Wednesday, March 20, 2013

Chekhov & Yu ... Chef Yu, that is ...

Lately, it seems, productions of the plays of Anton Chekhov - Uncle Vanya, The Cherry Orchard, Three Sisters - have been proliferating on, off  & off-off Broadway like the  near-viral quantities of ennui, disaffection, self-satisfaction & bitterness packed in, and generated by, his most well-known, vividly articulated characters:  Ivanov, Vanya, Konstantin, the three sisters (Olga, Masha & Irina) themselves, Trofimov, Trigorin. And some of those productions have been quite solid, well-paced & well-acted ... with the possible exception of a fairly stodgy, slow-moving, flat, far too lengthy production of Ivanov (with Ethan Hawke in the title role) which we saw just just before it closed only a couple of months ago. Even film versions of the plays pretty regularly surface, the most notable, perhaps, being The Sea Gull, dating back to 1968 and Sidney Lumet's treatment of the play by the same name, featuring an absolutely stellar cast: James Mason, Simone Signoret, Vanessa Redgrave, David Warner, Denholm Elliott & Kathleen Widdoes (and well worth a viewing). And yet another film version of The Seagull in 1975, actually a filmed product of the "theatrical" event, also worth a look and also with a very fine cast - Frank Langella, Blythe Danner, Kevin McCarthy, Lee Grant & Olympia Dukakis - is available from Netflix. And then, in 1994, there was the curiously idiosyncratic Louis Malle film, Vanya on 42nd Street, with Wallace Shawn & Andre Gregory, wherein the Chekhov play in rehearsal (with a David Mamet script) transitions into the actual play as it evolves within the film.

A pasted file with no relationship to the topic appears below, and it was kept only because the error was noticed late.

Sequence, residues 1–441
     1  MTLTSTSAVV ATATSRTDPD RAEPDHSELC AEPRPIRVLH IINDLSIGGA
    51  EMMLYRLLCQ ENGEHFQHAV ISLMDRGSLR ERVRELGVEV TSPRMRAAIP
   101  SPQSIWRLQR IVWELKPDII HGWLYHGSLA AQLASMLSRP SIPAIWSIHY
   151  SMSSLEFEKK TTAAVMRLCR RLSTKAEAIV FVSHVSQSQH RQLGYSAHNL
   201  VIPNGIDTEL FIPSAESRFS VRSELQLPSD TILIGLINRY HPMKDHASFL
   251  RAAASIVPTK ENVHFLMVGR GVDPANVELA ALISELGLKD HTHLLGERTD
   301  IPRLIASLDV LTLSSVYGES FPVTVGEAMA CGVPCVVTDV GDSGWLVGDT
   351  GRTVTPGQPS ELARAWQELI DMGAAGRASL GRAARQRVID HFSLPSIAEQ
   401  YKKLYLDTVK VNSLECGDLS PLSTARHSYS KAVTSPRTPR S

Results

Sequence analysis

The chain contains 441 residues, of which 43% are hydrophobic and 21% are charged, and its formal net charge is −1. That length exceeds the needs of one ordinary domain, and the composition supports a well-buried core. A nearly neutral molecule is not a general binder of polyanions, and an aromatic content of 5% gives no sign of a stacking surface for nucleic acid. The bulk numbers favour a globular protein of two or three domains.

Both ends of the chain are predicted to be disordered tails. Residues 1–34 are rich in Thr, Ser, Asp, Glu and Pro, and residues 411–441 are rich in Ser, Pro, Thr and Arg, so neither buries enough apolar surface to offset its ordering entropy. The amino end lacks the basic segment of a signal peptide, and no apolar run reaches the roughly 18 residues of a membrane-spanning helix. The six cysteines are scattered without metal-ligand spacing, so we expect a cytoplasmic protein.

Mr. Durang
But the latest - and by that I mean current - iteration of a Chekhovian play is not by Chekhov at all but happens to be a comedy (at-times-farce) written by Christopher Durang - Vanya and Sonia and Masha and Spike - which lightens up the general Chekhovian mood & atmosphere a bit by placing pseudo-Chekhovian characters interacting "in the present, in a lovely farmhouse in Buck's County," PA (with a lake in view!), rather than situating them, say, lakeside in the Russian countryside & presenting rural "aristocratic life" as it appeared to be lived in late-19th century Russia.  

So what we are given by Mr. Durang is, essentially, a set of contemporary Chekhovian character types, with similar degrees (both real & mock) of pain, ennui & disaffection, jealousy, rage, feelings of failure & stasis, all coupled with humor-laden lines to deliver as all kinds of familial & historical axes are being ground in this fluffy two-act drama!  Previously, Durang's play had had a run at Lincoln Center (last fall, I believe) and is now amusing what seem to be sell-out crowds (it just opened last week) at the Golden Theatre on Broadway, on West 45th Street, near 8th Ave.

Vanya & Masha